DOING SO AND IF I CAN DO IT ON LINE? I REALLY HOPE YOU CAN
HELP ME. THANK YOU SO MUCH FOR YOU TIME. DEBRA:):):)
Online study can help
Your library can help
In-person ASL courses can be a huge help.
You need to get involved with the deaf community.
You should not teach ASL until you have invested considerable time
interacting with a variety Deaf people.
Eventually, you may want to become certified. I recommend you check
In a message dated 4/11/2005 7:58:03 PM Pacific Daylight Time,
The sign for "cereal" in Lesson 7, you demonstrate using the
index finger to x hand shape across the mouth a few times, but
the ASL browser from Michigan State University uses a gesture of
eating from a bowl.
Should I be concerned about the different variations?
-Gene Brotherton, Jr.
Port Orange, FL.
The answer is simple: I'm right and they are wrong. Heh. Just
Thanks for including the link. I took a look at it and the model is
doing an initialized "C" version of "soup." The "eating from a
bowl" sign can be modified to mean "soup"-("U" handshape), RICE-("R"
handshape), or --less common-- CEREAL-("C"handshape).
You can even modify "SOUP" to mean "SPOON" by sort of dropping the
"bowl" at the end of the sign and holding the "U" handshape up a
moment longer. You can modify SOUP to mean "eat soup" by using a
larger, slower movement.
You shouldn't be overly concerned about such variations. Only
dweebs, purists, ASL instructors, or um people from Florida give a fig about it. Skilled
Deaf signers will recognize both variations.
Obviously there are regional variations, but the initialized version
of "cereal" (eating from a bowl) with a "C" is not something that
I'd teach to one of my ASL classes.
Personally my main concern is if "cereal" is being eaten...did I get
an invite and can I have the prize from the box?
In a message dated 4/22/2005 3:49:37 PM Pacific Daylight Time,
Dear Dr. how are you-
is Endale Asefa from Addis Ababa University, Ethiopia. I am an MSc
student of Information Science. By now I am working on my thesis in
title"A Hypermedia Learning Tool for Ethiopian Sign Language". My
aim is to create a prototype of hypermedia learning software for
hearing people around health centers like hospitals. To do this I
need to identify users need by questionaires. This is mainly to
identify the specific signs of Ethiopian Sign Lnguage that deaf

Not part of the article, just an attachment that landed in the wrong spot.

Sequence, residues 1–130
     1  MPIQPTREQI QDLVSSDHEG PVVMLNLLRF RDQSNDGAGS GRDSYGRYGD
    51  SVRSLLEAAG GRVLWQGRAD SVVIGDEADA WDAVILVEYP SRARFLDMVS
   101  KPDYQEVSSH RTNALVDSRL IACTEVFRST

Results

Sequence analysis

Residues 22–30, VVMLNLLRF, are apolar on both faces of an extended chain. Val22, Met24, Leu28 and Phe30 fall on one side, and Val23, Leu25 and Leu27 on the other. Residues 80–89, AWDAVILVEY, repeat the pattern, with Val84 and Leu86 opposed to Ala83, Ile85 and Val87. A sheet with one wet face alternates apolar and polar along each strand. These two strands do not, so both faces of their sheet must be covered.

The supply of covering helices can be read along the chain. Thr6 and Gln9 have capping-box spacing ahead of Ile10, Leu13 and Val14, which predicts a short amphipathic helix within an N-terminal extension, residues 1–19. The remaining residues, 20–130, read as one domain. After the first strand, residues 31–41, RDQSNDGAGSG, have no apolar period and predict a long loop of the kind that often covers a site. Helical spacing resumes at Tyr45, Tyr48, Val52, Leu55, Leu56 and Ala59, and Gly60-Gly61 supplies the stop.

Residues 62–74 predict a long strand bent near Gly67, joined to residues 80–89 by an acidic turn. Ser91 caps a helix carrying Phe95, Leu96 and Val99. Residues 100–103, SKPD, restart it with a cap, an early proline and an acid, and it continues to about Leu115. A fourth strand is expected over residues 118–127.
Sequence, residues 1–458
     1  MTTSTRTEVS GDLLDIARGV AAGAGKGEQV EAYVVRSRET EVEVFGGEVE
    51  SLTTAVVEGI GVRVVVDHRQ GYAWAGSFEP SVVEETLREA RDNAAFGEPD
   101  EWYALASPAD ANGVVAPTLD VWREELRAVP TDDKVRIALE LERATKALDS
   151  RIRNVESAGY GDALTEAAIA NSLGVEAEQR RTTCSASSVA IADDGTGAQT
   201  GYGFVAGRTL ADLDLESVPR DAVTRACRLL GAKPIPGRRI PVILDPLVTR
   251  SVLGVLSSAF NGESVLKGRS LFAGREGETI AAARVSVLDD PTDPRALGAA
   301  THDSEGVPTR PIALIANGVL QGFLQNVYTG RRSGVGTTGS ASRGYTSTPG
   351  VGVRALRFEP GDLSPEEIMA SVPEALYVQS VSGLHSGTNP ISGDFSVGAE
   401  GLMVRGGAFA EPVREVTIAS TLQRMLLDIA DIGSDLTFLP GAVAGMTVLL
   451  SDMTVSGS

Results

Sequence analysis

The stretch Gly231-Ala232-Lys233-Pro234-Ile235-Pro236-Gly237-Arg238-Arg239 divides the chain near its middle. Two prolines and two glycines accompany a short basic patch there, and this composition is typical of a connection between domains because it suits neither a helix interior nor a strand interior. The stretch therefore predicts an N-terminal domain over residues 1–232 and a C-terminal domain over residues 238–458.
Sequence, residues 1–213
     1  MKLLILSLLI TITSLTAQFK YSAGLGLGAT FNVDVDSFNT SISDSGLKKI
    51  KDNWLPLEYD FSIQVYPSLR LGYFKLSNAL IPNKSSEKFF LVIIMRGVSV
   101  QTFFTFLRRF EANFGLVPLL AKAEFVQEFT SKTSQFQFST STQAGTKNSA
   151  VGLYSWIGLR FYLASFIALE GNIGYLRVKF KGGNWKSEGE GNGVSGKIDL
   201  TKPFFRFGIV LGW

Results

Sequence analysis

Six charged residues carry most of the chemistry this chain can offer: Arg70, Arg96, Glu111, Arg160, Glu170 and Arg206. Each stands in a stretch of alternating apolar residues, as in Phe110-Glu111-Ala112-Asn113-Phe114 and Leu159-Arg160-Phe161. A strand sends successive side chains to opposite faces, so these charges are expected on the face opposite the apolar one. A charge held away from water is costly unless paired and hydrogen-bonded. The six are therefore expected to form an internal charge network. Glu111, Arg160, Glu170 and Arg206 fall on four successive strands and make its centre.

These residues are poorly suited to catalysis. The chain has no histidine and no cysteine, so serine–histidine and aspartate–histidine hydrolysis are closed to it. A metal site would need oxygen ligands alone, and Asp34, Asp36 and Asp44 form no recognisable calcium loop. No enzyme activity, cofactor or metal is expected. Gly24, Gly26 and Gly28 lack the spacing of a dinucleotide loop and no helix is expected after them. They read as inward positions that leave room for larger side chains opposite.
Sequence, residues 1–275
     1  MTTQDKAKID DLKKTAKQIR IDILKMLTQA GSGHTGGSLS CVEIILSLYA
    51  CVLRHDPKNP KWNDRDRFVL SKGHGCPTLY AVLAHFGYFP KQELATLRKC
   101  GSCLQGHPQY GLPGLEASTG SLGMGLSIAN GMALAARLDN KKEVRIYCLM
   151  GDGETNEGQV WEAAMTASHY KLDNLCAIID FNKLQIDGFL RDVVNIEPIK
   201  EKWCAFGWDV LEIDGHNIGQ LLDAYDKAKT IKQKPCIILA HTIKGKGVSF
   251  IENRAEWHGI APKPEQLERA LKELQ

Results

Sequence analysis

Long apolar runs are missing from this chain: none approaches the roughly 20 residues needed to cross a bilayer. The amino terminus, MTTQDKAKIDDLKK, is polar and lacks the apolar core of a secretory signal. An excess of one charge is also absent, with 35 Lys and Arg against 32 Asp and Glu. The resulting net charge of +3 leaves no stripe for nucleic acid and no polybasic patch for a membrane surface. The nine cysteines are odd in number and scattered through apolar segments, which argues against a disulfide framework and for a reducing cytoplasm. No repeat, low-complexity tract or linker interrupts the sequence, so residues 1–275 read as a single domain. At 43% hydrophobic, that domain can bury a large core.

people can use when served by hospitals. Note that the main aim of
this research is to minimise communication gap between hearing and
deaf people and helping the deaf in the mentioned area. Now my
question to you is can you send me or tell me a site to get an
already tested material (questionaire) that can help me in assesing
communication gap and user needs please? I am asking you this becuse
my advisor has told me that it is a must to have an already tested
material. If not I may not be allowed to do this research. For your
information there is no IT project regarding Ethiopian Sign Language
up to now. I am starting it and I do have great plan to continue
simillar researches on the area in the future. I hope you will help
me a lot. Thank you in advance
I recommend this book: Emmorey, K., Lane, H. L., Bellugi, U., & Klima, E. S.
(2000). The signs of language revisited an anthology to honor Ursula
Bellugi and Edward Klima. Mahwah, N.J Lawrence Erlbaum Associates.
In it you will find various ASL research projects some including
examples of testing instruments designed to gather
Lexicostatistical data for signed languages.
Also, check out:
I asked a colleague the following question:
<<What education credential is necessary in California to teach in a
deaf/hard of hearing classroom in grades K-12?
Where in California would a person get that credential? (Which college
My colleague gave me the following information and I figured I'd pass
it along for those of you who are interested in this topic. Note:
While I believe this information to be accurate, you should always
verify details before making life-changing decisions.
<<To teach in D/HH programs, a
student must earn a Master's degree (it can be in Deaf Education,
but doesn't have to be, although if one does not hold a Master's in
Deaf Ed, you would likely be required to take extra coursework in
order to receive the credential) and complete additional coursework
towards earning the credential (which would be included in the
Master's coursework). There are several programs in Calif. that I
know of -- SFSU, SJSU, CSU-Fresno, CSUN, and one or both of the San
Diego colleges. Specific info on contacting the programs is in the
Amer. Annals of the Deaf April reference issue every year, along
with a listing of all the colleges in Calif (and the country/Canada)
that offer teacher training (and other types) programs. Once they
have completed the coursework, they may apply for a DHH credential,
which is split into two levels, the second of which is contingent on
work experience and (I think) a little more coursework.
I have heard good things about CSUN
and at least one of the San Diego programs, and I think Fresno is
________ (name on file)>>
Sac State may be
hiring an ASL Instructor to begin August 2006.
Here is an example of the
"hiring criteria (draft)"
1. Degree attained (Ph.D. preferred)
2. Teaching ability
3. Teaching Experience (3+
4. Experience/knowledge of
different ASL curricula
5. Experience/knowledge of
Deaf Culture and Community
6. Knowledge of and Experience
with ASL (including its linguistic structure and contrasts with
7. Experience with diversity
in student population
Current state of knowledge of ASL instruction and Deaf
In a message dated 5/8/2005 1:00:27 A.M. Pacific Daylight
Time, dijanajonjic@ writes:
I want ti say thank you for helping me to learn sign, I
am from Croatia and want to learn to speak sign, so that
I can communicate with other people, who is hard
So thank you again.
You are welcome.
American Sign Language University ™
Lifeprint.com © William Vicars